Asia noviter delineata

Cartographer(s): Willem Blaeu
Date: 1635
Place: Amsterdam
Dimensions: 55.6 x 41 cm (22 x 16.25 in)
Condition Rating: VG+

Out of stock

SKU: NL-00040 Category:

Wonderful 1635 map of Asia with cities and figures.


A wonderful example of Willem Blaeu’s famous map of Asia, a cornerstone map for any collection.

One of the most notable 17th century maps of the continent of Asia, with a splendid carte-à-figures border and rich ornamentation of animals, sea monsters, and sailing ships.

The eastern coastline of Asia is severely truncated, Korea is shown as an island, and Japan is depicted on the Ortelius-Teixeira model. The Indian subcontinent is quite narrow and the islands of Indonesia are very sketchy.

The frieze across the top features vignettes of the cities of Candy, Calecut, Goa, Damascus, Jerusalem, Hormuz, Banten, Aden and Macao. The side panels flanking the map depict costumed figures of the various peoples of Asia.


Willem Blaeu

Willem Janszoon Blaeu (1571-1638) was a one of the most important Dutch geographers and mapmakers of the 17th century. He was born the son of a herring merchant, but traded fish-mongering for studies in mathematics and astronomy. Blaeu’s first important breakthrough was winning apprenticeship with the famous Danish astronomer Tycho Brahe. Working at Brahe’s Uranienborg observatory on the island of Hven, Blaeu learned a wide range of disciplines and technical skills. These included mathematics and astronomy, but also instrument-making and more esoteric disciplines such as alchemy. Returning to his native Holland, Blaeu set up a publishing business in Amsterdam from which he sold instruments and globes, printed maps, and his own editions of some of the great philosophical works of contemporary intellectuals like Descartes and Hugo Grotius. Achieving notoriety as a cartographic pioneer, Blaeu was appointed Chief Hydrographer to the powerful Dutch East India Company; a position he held until his death in 1638.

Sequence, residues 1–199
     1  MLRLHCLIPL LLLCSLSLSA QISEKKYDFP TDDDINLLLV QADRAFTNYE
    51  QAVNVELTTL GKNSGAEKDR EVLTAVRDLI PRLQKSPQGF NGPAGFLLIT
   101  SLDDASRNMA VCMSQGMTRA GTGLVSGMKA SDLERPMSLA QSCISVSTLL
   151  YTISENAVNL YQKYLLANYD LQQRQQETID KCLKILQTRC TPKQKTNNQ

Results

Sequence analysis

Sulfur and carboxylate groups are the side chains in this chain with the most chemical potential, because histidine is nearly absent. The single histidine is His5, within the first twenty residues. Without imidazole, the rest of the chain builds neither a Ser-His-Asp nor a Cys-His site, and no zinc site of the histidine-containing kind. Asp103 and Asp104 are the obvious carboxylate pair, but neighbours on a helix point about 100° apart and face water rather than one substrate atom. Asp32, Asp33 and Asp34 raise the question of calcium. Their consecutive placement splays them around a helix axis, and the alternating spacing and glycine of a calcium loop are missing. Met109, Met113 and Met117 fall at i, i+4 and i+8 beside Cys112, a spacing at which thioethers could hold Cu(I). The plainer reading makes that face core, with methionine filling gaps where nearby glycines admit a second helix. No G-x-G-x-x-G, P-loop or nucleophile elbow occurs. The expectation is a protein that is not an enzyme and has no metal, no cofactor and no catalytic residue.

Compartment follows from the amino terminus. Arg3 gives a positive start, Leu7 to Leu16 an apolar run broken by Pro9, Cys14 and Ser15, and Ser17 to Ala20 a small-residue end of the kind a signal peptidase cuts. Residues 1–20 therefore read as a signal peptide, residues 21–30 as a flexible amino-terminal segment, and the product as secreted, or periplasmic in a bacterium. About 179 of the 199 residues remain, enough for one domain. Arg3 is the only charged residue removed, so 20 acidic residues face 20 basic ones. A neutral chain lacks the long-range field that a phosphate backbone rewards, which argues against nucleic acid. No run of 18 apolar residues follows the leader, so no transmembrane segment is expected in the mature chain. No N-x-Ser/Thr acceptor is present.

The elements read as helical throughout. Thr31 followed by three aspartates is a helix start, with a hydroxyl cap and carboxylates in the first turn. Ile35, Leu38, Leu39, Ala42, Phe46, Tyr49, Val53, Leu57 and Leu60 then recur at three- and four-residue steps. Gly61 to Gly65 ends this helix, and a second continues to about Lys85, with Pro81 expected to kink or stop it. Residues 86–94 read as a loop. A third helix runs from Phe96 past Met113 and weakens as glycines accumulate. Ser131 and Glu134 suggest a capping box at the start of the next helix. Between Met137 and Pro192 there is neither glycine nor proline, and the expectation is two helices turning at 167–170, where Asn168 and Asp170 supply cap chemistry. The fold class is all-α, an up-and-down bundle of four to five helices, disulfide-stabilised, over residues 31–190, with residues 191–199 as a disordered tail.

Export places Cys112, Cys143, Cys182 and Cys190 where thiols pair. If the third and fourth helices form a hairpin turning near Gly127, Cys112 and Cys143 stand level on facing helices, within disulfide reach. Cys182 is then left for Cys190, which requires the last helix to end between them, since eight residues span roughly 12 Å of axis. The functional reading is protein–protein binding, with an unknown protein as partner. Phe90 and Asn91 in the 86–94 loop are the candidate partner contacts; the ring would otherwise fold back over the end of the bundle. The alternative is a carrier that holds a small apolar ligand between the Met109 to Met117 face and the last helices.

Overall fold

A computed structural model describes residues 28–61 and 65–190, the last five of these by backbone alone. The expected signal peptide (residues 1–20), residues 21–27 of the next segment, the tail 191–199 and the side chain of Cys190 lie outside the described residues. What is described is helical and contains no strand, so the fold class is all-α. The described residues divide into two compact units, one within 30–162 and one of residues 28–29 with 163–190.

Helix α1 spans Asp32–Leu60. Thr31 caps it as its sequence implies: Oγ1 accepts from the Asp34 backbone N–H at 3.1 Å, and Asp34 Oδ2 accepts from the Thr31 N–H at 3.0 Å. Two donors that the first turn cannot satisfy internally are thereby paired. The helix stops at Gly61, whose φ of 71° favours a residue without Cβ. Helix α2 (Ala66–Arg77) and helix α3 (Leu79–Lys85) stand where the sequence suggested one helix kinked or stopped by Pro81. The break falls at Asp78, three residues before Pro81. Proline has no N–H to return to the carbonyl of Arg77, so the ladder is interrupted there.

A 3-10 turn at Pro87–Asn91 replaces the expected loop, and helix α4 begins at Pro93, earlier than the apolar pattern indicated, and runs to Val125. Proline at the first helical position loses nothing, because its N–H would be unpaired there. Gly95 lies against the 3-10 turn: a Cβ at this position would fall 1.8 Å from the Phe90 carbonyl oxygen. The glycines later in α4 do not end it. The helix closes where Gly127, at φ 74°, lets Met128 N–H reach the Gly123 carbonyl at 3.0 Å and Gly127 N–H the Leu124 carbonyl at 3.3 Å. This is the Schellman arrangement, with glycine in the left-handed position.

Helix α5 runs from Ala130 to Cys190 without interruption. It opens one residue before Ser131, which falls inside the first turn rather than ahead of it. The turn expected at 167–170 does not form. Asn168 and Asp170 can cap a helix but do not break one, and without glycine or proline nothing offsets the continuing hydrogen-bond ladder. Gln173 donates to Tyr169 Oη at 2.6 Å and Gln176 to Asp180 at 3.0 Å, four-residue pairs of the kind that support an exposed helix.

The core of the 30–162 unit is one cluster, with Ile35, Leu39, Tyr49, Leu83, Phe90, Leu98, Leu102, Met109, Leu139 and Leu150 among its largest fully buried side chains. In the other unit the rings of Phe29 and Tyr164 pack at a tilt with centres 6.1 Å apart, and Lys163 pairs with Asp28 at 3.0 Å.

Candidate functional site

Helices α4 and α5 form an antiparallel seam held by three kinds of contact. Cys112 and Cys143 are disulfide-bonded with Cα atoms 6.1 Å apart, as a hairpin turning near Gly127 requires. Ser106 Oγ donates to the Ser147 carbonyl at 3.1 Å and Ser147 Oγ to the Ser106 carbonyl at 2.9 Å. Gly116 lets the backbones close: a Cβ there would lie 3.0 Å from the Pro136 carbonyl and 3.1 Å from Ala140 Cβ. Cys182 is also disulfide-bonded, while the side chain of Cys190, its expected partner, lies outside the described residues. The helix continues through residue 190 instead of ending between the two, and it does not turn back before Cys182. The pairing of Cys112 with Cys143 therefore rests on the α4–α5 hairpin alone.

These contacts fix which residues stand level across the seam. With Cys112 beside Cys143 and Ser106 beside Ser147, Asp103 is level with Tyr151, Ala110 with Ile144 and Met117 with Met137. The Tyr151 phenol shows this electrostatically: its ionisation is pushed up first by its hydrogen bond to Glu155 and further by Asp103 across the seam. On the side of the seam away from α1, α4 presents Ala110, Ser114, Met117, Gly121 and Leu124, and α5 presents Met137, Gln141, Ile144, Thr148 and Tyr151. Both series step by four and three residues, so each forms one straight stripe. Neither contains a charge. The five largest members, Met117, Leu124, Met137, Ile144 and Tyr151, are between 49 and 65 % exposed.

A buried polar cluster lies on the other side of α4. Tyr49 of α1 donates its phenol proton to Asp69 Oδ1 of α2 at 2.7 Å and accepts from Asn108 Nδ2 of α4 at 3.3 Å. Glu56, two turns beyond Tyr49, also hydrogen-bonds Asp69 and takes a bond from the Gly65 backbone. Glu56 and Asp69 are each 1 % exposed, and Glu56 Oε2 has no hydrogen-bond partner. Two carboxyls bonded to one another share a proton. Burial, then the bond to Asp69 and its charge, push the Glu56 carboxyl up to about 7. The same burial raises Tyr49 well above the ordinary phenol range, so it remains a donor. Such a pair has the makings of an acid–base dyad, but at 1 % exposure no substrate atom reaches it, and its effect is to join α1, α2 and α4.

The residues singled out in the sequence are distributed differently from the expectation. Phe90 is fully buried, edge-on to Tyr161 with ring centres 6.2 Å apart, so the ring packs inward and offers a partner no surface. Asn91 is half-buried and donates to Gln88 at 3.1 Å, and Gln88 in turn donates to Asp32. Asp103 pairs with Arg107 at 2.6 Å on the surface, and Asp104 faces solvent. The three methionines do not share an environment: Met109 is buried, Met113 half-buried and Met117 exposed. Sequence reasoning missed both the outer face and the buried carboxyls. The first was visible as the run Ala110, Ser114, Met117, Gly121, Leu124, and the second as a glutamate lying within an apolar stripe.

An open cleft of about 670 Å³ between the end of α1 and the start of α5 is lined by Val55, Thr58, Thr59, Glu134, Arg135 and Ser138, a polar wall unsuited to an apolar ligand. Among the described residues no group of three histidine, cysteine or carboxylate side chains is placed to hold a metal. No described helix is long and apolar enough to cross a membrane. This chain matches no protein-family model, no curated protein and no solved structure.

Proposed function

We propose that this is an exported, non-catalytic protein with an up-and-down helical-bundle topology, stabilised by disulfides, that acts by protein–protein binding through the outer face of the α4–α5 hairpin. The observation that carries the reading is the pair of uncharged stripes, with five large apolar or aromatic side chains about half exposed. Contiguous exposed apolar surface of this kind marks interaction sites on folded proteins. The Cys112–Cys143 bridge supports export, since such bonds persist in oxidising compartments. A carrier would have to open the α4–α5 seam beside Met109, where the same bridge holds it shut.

When Willem died, his two sons Cornelis (1610-1648) and Joan (1596-1673) took over the business. Joan had originally trained as a lawyer, but never took up practice, preferring to work on maps with his father. After Willem’s death, Joan continued to publish both his father’s and his own maps. He also assumed his father’s position as hydrographer for the Dutch East India Company. Towards the end of his life, Joan would dramatically expand his father’s Atlas Novus (1635), turning it into his own masterpiece, the Atlas Maior (1662-72).

Condition Description

Excellent. Margins expertly extended and backed with archival paper.


Van der Krogt 2, 8000:2; Schilder 6, 21:2.